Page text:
In other words, he imagines a teaching center, teaching local youth (including Mohawk teens) the skills of building, managing, and marketing a product, namely hydroponically-grown produce and Mohawk artisanry.

He’s not asking for your money. (He bought it with his own money.  He’s started restoring it with his money, forming a small philanthropy called the North Star of the Adirondacks Foundation.)  He doesn’t want a grant — not yet.  He doesn’t want some wealthy foundation to do it, nor the government.  He wants you and me to do it.  With our hands and brains and, most of all, our revived faith in this community.

So far, he’s found these hands.
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They belong to this man.  A skilled mason.  More importantly, the man with the hands is a man of faith — the “can do” spirit of the people who built the Horton Mill and Malone two centuries ago.
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Brian Ray

The farmers, tradesmen, and merchants who built the schools and churches and Malone’s other public buildings did so without benefit of grants or government checks; they used their money, modest as it was, and above all their pioneer’s sense that “we can do this.”

They mortgaged their farms, in some cases, to raise the money to buy materials and equipment — and they, themselves, did much of the work.  And when a local artisan the likes of Brian Ray put in a lot of his time, the rest chipped in and paid him (or her) by drumming up funds with bake sales, raffles, or other novel means.

Dr. Chapman’s point is that the resulting building will be a community enterprise, to benefit all of us.  He sees the process as a way of building community spirit — that mysterious, ineffable optimism that is now all but perished in the village that grew up on the banks of the Salmon River.  As if it grew up, grew old, died, and fell down.

Dean Chapman doesn’t believe this.  The doc says it’s not dead.  He intends to bring this near-corpse back to vibrant life.  Like Jesus, another visionary, he exhorts us, “Take up your bed and walk!”

Walk over to Horton Mill and lend a hand.  Walk over and help create the future.  (Dr. Chapman can be reached at nsaf@savehortonmill.org.)
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“With regard to the mill,” writes Chapman, “the North Star of the Adirondacks Foundation (NSAF) is still in the early stages of a massive undertaking, and it’s much more a dream than a reality at the moment.  It will be challenge enough for, this fall, to stem the decay of the little bit of the mill that remains.”

He continues:

Our immediate goal is to remove the debris from the inside of the building’s shell and cover the tops of the walls to prevent further loss of mortar.  In the late spring/early summer, we will launch a campaign to “Save the Mill.”  The results of that campaign will determine in large part just how much we can get done.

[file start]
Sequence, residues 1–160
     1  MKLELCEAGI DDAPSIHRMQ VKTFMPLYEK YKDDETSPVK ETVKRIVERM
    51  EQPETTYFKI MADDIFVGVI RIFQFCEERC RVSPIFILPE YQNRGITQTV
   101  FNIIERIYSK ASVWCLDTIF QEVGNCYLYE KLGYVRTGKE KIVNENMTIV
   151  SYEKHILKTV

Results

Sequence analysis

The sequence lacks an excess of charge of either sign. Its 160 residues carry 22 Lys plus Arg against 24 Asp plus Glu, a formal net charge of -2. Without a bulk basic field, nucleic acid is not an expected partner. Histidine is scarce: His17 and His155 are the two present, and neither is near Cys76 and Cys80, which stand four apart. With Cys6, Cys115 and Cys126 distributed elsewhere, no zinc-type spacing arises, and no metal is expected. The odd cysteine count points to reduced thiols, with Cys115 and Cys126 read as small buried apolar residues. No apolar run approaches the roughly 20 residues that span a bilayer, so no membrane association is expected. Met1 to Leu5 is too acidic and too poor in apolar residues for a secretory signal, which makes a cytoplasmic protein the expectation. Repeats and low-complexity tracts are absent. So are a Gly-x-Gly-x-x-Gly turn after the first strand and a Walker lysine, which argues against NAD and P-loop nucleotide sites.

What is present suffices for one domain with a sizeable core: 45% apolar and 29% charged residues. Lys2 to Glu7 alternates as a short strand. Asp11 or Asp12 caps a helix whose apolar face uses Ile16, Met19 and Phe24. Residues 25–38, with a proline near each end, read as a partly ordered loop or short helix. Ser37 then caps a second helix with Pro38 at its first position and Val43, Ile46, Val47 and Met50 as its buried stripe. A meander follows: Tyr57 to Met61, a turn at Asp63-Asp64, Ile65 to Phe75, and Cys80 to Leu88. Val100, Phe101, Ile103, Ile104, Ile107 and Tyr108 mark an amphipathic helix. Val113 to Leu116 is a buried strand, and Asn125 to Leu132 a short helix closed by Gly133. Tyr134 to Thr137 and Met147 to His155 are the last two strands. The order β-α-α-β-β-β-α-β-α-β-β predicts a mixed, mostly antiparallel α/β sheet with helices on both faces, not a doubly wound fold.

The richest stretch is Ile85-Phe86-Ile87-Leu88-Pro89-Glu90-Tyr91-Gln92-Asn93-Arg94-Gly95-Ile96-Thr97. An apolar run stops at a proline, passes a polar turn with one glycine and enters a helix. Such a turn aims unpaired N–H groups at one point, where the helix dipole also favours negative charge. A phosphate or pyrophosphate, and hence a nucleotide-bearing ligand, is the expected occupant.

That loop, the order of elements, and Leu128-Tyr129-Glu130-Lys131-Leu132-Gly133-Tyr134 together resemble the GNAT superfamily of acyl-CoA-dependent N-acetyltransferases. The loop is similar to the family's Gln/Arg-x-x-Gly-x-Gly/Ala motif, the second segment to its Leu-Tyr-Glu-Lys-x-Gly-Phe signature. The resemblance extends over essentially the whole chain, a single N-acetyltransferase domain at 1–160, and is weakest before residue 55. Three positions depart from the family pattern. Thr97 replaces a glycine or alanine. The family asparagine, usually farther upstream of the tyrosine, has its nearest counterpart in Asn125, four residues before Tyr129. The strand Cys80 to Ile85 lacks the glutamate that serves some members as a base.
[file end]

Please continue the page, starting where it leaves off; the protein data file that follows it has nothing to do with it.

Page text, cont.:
There is one step that we can all take right now.  It involves a change of heart and a change of attitude.  It seems we residents of Malone have adopted an unspoken belief that was simply unheard of by our parents, grandparents, and all previous generations.  Our current belief has never been a part of Malone, dating all the way back to when the village was carved out of the North Country wilderness and the original Horton Mill was built.

Our unspoken belief is this: that somewhere, somehow, someone else is going to tackle our challenges for us.  It’s as if we believe that some government Tinkerbell is on the verge of dusting the mill with grant money, and magically restoring it to its original glory.  Such an idea is pure fantasy, and the sooner we realize that and give it up, the sooner we have the chance to rise to the stature of our ancestors.  If the mill is to be rebuilt, it will have to be accomplished by the same “magic” that built the original [structure] — the spirit of the people living here.

It’s us, or nobody.

It will have to be all of us, not just a handful of individuals, no matter how dedicated or committed.  It took the whole community to raise the mill the first time and it will take all of us to get it done this time. The challenge is simply too great for one person, or a few people.  It is a challenge fit for a community.

I invite you to take the first small step today.  It’s a simple one.  Instead of thinking, “I wonder what they can do,” adjust your approach to “I wonder what we can do?”

If the spirit of our ancestors is still alive in us, we can do more than anyone imagines.

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Again, Dr. Chapman can be reached at nsaf@savehortonmill.org.